- Has a sleek design that wasn't sacrificed to make this gun more affordable
- 20 gauge is very light, just 5.5 lbs
- Has shell extractors, not ejectors
- Uses a mechanical trigger system, not an inertia-based trigger system
Stevens Model 555 - $750
The Most Versatile Over-Under Shotgun
Top Pick: CZ Teal
Weight: 7 to 8 lbs | Barrel Length: 28 inches
CZ-USA designed this gun to shoulder flawlessly and swing quickly on fast birds like teal and grouse. You'll find that true the next time you hunt early-season teal, grouse, and even pheasants with the Teal. It is impressively versatile and comfortable. It also performs well on larger, open-water birds like mallards and canvasbacks.
The solid mid rib on this gun was a nice touch that gives this gun a nostalgic feel, which I respect. The tang safety also allows this model to be ambidextrous.
You will find a few extra bells and whistles on this gun. The big selling point here is that it is usually offered at or under $600 from most retailers, so it's hard to find anything wrong with it.
CZ Teal - $660
The Best Budget Over-Under Shotgun
Top Pick: Tristar Upland Hunter
Weight: 7.2 lbs | Barrel Length: 28 inches
The TriStar is quite possibly the biggest "steal" on the market right now regarding over-and-under shotguns. The Upland Hunter by TriStar is a super lightweight model that swings extremely easily and shoulders rather well for its price point. It uses ejectors instead of extractors, which you might prefer greatly when on a hunt but not quite as much at the range. Your mileage on that may vary.
This break-action gun features a chrome-lined chamber and barrel, which allows for tighter and more consistent patterns. With its vent top and mid rib, fiber-optic sight, and acid-etched receiver, TriStar went above and beyond to ensure this gun was of the highest quality for the price range. This gun retails for $479 and could be sold for over $700.
- Excellent entry-level O/U shotgun that is well worth every penny
- Has shell ejectors, not extractors
- Turkish walnut stock is easy on the eyes
- Once you become proficient with this gun, you might pine for an upgrade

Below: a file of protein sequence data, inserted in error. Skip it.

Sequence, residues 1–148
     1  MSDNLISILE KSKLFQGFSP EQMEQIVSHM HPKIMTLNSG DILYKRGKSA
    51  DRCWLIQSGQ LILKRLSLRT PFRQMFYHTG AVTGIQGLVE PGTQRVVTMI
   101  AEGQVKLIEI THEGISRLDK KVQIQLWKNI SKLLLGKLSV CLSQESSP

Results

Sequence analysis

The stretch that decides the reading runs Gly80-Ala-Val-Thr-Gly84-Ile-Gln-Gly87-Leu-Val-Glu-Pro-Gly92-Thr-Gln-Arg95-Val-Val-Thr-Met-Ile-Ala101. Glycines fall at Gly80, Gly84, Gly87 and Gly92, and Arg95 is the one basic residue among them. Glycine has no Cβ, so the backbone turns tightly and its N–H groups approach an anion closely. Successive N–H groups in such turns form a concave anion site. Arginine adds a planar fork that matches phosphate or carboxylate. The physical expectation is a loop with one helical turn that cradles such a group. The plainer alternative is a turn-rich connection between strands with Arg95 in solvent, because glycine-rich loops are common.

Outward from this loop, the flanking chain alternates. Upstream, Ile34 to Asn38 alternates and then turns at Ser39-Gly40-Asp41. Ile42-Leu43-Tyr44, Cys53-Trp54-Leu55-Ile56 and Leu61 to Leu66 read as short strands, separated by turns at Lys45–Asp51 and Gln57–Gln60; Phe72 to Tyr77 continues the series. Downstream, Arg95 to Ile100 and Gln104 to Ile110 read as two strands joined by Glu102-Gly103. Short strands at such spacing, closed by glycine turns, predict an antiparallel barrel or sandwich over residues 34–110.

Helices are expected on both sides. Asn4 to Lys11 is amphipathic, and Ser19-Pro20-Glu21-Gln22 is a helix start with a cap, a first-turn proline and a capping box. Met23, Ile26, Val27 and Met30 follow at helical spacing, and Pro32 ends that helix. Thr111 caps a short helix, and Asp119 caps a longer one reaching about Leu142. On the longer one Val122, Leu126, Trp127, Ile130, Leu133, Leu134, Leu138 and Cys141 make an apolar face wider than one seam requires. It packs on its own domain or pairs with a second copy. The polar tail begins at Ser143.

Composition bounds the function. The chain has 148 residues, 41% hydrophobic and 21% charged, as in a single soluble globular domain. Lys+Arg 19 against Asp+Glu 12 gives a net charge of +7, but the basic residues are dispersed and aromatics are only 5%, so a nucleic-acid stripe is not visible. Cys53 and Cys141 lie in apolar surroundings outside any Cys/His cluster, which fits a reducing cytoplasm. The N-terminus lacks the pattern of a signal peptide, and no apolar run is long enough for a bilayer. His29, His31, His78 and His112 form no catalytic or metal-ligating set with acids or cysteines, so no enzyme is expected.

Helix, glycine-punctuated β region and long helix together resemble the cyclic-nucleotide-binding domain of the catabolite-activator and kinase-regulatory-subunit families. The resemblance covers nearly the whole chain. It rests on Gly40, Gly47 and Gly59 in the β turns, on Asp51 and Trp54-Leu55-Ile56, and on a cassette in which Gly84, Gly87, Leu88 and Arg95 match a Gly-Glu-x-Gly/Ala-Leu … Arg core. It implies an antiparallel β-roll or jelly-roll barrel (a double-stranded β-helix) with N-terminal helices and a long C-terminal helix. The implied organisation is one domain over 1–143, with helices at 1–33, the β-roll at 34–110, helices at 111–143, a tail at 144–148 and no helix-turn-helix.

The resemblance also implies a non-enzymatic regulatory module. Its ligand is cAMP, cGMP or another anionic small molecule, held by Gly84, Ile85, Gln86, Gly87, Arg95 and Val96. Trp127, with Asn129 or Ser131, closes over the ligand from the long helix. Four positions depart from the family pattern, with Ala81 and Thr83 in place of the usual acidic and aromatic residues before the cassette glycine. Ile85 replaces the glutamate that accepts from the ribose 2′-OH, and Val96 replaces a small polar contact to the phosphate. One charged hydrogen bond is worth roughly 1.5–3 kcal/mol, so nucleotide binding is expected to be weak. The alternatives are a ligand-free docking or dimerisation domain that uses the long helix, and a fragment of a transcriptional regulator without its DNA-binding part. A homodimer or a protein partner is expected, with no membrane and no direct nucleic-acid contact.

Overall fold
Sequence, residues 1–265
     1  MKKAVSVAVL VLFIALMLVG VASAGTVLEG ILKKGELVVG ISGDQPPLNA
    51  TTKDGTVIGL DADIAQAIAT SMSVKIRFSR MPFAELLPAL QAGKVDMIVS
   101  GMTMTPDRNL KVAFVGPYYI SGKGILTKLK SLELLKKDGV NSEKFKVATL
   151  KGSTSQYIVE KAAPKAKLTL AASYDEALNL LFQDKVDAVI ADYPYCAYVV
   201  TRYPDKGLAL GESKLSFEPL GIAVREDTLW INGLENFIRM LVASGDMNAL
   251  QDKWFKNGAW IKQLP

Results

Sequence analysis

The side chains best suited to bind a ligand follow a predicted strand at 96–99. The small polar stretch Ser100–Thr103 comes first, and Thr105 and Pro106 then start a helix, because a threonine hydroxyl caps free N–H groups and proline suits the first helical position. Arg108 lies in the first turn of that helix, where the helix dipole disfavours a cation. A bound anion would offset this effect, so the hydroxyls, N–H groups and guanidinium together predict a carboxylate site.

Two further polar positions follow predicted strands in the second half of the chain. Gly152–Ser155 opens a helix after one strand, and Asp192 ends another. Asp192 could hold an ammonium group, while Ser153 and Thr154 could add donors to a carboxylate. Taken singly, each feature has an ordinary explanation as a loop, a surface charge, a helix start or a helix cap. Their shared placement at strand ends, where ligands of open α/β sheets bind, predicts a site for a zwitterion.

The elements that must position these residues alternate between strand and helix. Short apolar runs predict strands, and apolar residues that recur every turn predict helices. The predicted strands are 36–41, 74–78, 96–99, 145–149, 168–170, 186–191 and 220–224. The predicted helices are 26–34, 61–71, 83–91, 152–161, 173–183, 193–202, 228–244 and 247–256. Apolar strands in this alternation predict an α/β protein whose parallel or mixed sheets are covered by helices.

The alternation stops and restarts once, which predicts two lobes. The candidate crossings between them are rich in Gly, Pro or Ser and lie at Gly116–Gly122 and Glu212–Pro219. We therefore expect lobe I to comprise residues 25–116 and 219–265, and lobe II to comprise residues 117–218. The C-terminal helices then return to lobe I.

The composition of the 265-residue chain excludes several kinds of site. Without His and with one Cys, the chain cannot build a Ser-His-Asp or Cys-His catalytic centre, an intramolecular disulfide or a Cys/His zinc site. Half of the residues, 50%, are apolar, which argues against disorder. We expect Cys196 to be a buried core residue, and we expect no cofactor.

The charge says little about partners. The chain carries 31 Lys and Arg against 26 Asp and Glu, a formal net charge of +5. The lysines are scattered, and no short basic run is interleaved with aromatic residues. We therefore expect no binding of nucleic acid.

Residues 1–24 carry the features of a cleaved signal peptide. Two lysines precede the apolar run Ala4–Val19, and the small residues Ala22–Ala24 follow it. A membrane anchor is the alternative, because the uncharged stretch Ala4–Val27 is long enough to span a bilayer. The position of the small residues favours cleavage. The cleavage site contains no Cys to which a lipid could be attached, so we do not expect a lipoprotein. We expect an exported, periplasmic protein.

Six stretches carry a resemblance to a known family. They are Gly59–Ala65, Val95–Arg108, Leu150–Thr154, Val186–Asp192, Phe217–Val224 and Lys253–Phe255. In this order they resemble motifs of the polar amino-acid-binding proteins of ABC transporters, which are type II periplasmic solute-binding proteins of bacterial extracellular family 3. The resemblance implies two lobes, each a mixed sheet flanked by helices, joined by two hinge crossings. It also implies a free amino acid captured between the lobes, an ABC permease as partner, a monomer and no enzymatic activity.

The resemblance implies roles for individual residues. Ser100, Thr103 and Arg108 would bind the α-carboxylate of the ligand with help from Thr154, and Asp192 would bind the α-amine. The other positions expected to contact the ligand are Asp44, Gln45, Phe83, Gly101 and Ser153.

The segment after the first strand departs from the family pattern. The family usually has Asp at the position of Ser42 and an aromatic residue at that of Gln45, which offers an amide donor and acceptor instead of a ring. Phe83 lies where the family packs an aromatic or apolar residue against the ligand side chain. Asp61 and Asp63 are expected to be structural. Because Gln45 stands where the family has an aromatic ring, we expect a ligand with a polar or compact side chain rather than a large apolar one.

Tristar Upland Hunter - $400
The Best Over-Under Shotgun for Beginners
Top Pick: Charles Daly 202
Weight: 7.3 lbs | Barrel Length: 28 inches
Charles Daly described this gun with two words: "Unbeatable value." This gun can be found at several retailers for around $420, making it an excellent option for beginners while providing the quality and feel that even an avid bird hunter would appreciate.
This gun features a checkered walnut stock and forend, a fixed fiber-optic sight, and a single-selective mechanical trigger system. The 202 20-gauge model weighs only 6.4 pounds, making it lightweight and solid enough to shoulder quickly and easily. At this weight, carrying for long days in the field will be easier. While this gun might not turn heads, it feels great and shoots just as well as an over-under at a higher price point.
- Excellent shotgun to help you break into the world of over/unders, sporting clays, or upland hunting
- Looks leave something to be desired
- Aluminum receiver may wear out over time
- Known for having a lot of recoil when shooting 3-inch shells
Charles Daly 202 - $470
The Best Affordable Over-Under Shotgun Full Setup
Top Pick: Mossberg Silver Reserve
Weight: 7.5 lbs | Barrel Length: 28 inches
Mossberg launched the American-made Silver Reserve to lead the market in affordable, highly durable, reliable O/U shotguns. Available in both black walnut and synthetic stocks, this shotgun is offered in .410 bore, 12-, 20-, and 28-gauge models.
This gun features shell extractors, corrosion-resistant chrome-lined barrels and chambers, a tang safety selector, and dual locking lugs. Both 26- and 28-inch barrel lengths are available. There's a lot of extra value here, as Mossberg includes a set of five chokes standard with each purchase. The details on this gun are something you would expect from brands such as Browning and Beretta, but Mossberg offers this kit at a much better price point: $777.
- Comes with bells and whistles